The bone-shaking, charming, brightly painted vintage buses that were so characteristic of Malta were taken out of service in 2011, replaced by boring-looking but more efficient modern buses, which have disabled access. These are operated by Malta Public Transport (www.publictransport.com.mt), which is presently run by the Spanish company Autobuses Urbanos de León.
Many bus routes on Malta originate from the Valletta Bus Station and radiate to all parts of the island, but there are also many routes that bypass the capital; bus timings range from every 10 minutes to hourly for less-visited places. Punctuality is a challenge, however, and many buses run considerably late, especially in the afternoon and evening. Patience is a traveller's friend. On Gozo the bus system is much more efficient than previously, though some places are only served by an hourly bus.
Malta's old buses were a tourist attraction in themselves, and it's a shame in terms of local colour and photo opportunities that they're no longer rattling around the islands' pot-holed roads at unsettling speeds. Run as independent businesses by their drivers, they were lovingly customised with handmade parts and decorations. They were known as xarabank, a derivation of charabanc (a carriage or an old-fashioned term for a motor coach).
On the other hand, they probably also contributed to Malta being the most car-dense country in Europe. Quaintness of buses is not necessarily an endearing quality when you have to use them day to day, and the bus system is more efficient nowadays. You will very occasionally see an old bus on the road: the classic Bedfords, Thames, Leylands and AECs dating from the 1950s, '60s and '70s, brightly painted in a livery of yellow, white and orange, have not completely disappeared. A few are now used for wedding transport and photographs, and on the Sliema waterfront near the Valletta ferry, one has been repurposed as a colourful souvenir shop.
The Malta Buses by Michael Cassar and Joseph Bonnici is an illustrated history of the islands' celebrated public transport.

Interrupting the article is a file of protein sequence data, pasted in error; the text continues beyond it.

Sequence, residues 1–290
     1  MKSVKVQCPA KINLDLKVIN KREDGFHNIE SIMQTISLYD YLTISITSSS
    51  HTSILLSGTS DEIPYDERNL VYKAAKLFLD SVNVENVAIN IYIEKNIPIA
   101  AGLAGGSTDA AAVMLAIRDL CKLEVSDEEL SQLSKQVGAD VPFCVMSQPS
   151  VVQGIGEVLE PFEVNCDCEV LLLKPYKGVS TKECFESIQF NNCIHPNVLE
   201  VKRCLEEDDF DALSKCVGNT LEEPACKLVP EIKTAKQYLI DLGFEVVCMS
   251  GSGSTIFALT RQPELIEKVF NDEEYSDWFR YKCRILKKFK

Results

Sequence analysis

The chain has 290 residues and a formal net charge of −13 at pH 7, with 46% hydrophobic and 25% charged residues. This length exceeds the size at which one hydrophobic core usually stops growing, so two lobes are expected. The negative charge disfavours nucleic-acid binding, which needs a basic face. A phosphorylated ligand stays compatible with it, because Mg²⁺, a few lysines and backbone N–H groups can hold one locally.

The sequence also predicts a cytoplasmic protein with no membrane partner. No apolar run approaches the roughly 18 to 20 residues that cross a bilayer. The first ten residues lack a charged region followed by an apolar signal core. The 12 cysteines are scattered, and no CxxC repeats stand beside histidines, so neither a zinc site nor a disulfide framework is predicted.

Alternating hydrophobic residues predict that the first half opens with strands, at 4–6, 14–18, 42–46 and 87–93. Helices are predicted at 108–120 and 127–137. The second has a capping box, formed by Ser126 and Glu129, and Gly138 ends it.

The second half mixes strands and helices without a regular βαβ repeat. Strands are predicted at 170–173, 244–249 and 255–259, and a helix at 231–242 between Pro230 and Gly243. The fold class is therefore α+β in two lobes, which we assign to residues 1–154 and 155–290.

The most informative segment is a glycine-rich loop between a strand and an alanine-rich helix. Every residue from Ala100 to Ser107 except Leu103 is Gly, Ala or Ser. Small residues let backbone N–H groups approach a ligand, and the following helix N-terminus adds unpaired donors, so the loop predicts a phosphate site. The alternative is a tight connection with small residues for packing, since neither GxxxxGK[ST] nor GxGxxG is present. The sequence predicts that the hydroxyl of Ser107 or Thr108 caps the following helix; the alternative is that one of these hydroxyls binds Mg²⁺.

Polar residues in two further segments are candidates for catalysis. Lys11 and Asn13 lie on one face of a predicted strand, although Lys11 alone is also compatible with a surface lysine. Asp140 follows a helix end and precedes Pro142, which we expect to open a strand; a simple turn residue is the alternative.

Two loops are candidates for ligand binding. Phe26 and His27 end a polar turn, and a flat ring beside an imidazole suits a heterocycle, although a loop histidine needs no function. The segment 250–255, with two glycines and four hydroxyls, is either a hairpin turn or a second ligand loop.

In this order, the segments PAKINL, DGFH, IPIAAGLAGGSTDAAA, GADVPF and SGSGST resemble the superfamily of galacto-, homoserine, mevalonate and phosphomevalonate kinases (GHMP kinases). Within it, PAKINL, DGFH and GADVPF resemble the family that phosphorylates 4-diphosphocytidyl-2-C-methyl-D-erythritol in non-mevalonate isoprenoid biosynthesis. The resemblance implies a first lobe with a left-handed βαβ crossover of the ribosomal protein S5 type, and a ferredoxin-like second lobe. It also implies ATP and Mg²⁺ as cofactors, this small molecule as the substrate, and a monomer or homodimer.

You can buy single tickets as you board the bus or from ticket machines, which are found near numerous bus stops. Blocks of tickets and seven-day passes must be bought in advance from ticket offices or Agenda bookshop outlets. There's also a convenient Public Transport Malta office and electronic kiosk selling Explorer and ExplorePlus passes in the arrivals hall at the airport.
If you're caught travelling without a ticket, there's a penalty charge of €10. Fares:
To see up-to-date, full bus timetables and route maps, check online at www.publictransport.com.mt. The website also has a handy online journey planner. If you're staying in Malta for an extended period, download Malta Public Transport's Tallinja app, which provides real-time information about bus arrivals and departures.
There are six different express services running between the airport and various parts of the island, including St Julian's, Sliema and Ċirkewwa. The X4 runs between Valletta and the airport, and takes just over 20 minutes. For Sliema and St Julian's, catch the X3 from the airport.
Most buses run from around 5.30am to 11pm, and frequency varies depending on the popularity of the route. In towns and villages the bus terminus is usually found on or near the parish church square.